While course grades are not fine-tuned enough to give information about student achievement on specific learning outcomes, they can nonetheless provide a rough indication of some aspects of curricular effectiveness, which programs can use – often in combination with other measures – to guide decision-making.
Course grades are often considered the “indicator” type of indirect assessment measure, and may provide programs with information that can uncover student course-taking patterns and give information about student progress through the curriculum, or identify new areas for investigation of a program’s effectiveness. For example, a high D/F/W rate in a core course may indicate a need to re-evaluate the curriculum (or a particular option/track) and how students are prepared for the course. A program could also use course grades to generally indicate where students may need more support in the curriculum.
The WSU Department of Mathematics and Statistics, in collaboration with ATL, has examined the distribution of final course grades in classes focused on specific core content areas for five cohorts of graduating seniors, with the goal of understanding patterns, strengths, and weaknesses. The department’s undergraduate curriculum committee explored these results and was able to compare patterns in course grades across the five different options of the degree, as well as compare course grades in upper division courses for transfer students alongside students that completed lower-division math courses at WSU.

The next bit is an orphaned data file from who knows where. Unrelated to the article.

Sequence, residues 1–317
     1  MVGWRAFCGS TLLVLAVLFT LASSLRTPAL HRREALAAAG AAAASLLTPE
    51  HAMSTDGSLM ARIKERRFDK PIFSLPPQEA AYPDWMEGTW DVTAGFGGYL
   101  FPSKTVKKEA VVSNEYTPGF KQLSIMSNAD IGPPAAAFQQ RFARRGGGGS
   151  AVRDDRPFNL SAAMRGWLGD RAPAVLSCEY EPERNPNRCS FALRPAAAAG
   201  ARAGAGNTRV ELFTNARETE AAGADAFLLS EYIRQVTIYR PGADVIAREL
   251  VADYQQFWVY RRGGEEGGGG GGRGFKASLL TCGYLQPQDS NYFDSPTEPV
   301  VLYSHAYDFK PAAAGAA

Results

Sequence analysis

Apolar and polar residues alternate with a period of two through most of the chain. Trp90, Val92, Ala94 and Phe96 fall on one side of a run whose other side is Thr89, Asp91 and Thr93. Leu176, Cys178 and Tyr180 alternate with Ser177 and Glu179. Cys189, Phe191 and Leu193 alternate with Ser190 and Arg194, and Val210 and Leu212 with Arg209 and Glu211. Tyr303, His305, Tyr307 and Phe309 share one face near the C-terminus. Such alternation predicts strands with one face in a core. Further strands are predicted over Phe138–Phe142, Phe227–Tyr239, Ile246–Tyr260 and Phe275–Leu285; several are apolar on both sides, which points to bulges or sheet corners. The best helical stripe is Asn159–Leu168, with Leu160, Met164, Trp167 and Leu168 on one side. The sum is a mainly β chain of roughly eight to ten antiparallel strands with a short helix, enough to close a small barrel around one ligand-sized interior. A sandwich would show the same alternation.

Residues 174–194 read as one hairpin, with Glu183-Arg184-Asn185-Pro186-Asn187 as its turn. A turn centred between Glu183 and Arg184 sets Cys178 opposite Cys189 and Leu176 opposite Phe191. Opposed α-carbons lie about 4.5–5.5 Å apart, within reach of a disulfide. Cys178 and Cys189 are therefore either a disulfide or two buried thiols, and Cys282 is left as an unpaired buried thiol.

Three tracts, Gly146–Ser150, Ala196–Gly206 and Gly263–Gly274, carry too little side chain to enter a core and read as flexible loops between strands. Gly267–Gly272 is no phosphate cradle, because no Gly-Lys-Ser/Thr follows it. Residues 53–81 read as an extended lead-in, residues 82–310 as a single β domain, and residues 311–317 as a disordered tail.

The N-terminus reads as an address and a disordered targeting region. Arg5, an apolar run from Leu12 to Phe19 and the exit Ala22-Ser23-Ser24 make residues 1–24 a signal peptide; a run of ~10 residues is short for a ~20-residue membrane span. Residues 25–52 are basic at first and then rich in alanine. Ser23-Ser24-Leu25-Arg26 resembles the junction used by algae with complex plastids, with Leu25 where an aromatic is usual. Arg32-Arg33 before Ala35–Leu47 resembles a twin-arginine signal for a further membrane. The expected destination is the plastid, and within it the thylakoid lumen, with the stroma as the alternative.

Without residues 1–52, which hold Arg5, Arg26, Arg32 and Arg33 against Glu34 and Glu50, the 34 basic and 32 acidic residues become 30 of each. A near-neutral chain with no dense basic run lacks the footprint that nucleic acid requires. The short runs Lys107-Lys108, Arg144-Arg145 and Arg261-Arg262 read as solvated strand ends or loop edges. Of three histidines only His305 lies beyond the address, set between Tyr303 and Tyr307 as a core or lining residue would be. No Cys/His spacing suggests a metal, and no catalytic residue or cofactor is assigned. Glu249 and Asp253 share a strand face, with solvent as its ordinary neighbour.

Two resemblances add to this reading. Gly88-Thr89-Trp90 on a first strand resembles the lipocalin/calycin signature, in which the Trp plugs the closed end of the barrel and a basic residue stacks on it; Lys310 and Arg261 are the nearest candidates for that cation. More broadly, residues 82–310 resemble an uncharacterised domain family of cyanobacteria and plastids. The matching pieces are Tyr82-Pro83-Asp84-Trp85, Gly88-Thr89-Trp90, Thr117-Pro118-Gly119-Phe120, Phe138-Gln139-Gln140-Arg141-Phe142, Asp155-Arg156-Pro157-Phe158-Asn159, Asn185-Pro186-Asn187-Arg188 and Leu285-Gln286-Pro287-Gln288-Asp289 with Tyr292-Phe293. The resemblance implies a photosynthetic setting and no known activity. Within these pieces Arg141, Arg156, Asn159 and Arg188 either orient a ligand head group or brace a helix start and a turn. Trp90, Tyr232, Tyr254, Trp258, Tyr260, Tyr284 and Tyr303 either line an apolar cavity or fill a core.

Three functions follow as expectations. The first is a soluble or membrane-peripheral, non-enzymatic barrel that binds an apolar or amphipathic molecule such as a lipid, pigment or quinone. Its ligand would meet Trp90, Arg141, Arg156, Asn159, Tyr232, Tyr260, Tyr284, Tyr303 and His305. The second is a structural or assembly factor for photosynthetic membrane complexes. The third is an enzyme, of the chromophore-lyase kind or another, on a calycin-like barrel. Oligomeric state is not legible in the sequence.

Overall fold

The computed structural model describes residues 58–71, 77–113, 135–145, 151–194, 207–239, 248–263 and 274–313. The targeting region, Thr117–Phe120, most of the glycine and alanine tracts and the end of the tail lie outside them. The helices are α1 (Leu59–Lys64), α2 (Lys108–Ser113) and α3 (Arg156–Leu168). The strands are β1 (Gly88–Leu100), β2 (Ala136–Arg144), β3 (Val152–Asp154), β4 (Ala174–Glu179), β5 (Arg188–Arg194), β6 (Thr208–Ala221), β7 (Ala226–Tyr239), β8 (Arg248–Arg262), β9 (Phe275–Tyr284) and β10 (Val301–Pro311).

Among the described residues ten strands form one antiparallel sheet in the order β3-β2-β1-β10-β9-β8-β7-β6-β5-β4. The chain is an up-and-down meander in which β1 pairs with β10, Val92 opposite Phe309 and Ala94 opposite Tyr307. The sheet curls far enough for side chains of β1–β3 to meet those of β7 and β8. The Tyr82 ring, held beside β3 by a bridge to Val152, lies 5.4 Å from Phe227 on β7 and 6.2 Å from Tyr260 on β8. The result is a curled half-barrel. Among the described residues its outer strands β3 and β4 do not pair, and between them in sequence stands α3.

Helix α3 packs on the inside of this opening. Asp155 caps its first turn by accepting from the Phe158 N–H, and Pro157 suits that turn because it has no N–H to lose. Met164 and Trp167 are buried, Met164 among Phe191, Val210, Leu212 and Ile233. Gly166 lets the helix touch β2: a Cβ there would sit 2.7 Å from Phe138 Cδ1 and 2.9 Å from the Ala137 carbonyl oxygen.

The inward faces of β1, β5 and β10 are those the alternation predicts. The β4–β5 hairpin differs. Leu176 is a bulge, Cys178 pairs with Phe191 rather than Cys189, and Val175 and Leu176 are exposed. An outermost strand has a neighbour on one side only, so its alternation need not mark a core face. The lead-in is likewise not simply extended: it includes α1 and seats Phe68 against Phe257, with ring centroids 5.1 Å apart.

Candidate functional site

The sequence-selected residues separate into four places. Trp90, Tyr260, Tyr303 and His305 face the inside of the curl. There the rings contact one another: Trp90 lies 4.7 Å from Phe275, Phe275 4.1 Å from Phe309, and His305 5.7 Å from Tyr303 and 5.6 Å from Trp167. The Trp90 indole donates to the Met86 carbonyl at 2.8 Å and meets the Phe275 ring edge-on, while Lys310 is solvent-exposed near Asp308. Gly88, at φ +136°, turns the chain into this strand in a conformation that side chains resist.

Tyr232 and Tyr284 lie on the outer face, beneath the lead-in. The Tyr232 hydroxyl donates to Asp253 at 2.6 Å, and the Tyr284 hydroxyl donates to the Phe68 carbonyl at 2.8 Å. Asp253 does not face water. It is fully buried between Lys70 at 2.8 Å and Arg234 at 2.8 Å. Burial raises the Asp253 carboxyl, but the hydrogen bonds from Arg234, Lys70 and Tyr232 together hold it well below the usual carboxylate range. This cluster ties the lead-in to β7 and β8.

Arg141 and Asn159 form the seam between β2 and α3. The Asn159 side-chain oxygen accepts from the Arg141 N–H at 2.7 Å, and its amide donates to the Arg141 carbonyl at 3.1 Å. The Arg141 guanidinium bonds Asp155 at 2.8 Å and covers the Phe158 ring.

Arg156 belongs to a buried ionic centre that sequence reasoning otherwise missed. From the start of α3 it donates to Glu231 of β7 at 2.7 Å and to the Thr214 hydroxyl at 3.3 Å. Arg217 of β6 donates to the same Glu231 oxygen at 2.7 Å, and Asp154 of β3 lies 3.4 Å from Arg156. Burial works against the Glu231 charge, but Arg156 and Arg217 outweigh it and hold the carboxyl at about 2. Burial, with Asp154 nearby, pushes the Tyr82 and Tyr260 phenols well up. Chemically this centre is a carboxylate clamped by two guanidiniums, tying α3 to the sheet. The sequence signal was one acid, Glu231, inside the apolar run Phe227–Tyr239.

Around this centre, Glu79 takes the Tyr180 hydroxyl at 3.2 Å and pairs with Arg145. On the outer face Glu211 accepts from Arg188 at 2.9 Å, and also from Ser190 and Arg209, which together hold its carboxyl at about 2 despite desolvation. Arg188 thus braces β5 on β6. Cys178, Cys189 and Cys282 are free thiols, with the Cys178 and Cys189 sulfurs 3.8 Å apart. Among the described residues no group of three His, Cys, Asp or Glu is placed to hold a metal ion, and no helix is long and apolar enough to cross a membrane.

According to Sandy Cooper, Associate Professor in the Department of Mathematics and Statistics, “By analyzing the course grade data for the graduating cohorts, we were able to debunk a couple of myths (commonly held beliefs) we had regarding students in our different options and their success in particular content areas of mathematics. The Undergraduate Curriculum Committee shared the results with the departmental faculty so that these myths no longer affect policy and teaching decisions in our department.”
Undergraduate program assessment in the Department of Mathematics and Statistics also includes evaluating student work using a program rubric (a direct measure of students’ performances or work products that demonstrate students’ specific skills and knowledge) and a senior exit survey (an indirect measure that provides information associated with student learning, motivation, perceived success, or satisfaction). It is important to remember that course grades typically sum the evaluations of multiple learning outcomes and often include other elements (participation, timeliness, absences, etc.). Consequently, while course grades alone are typically insufficient to assess specific student learning outcomes, they can serve as a useful indicator in identifying trends and areas for attention.
For more information about using course grades as an indirect measure in program-level assessment, please contact one of ATL’s Assessment Specialists.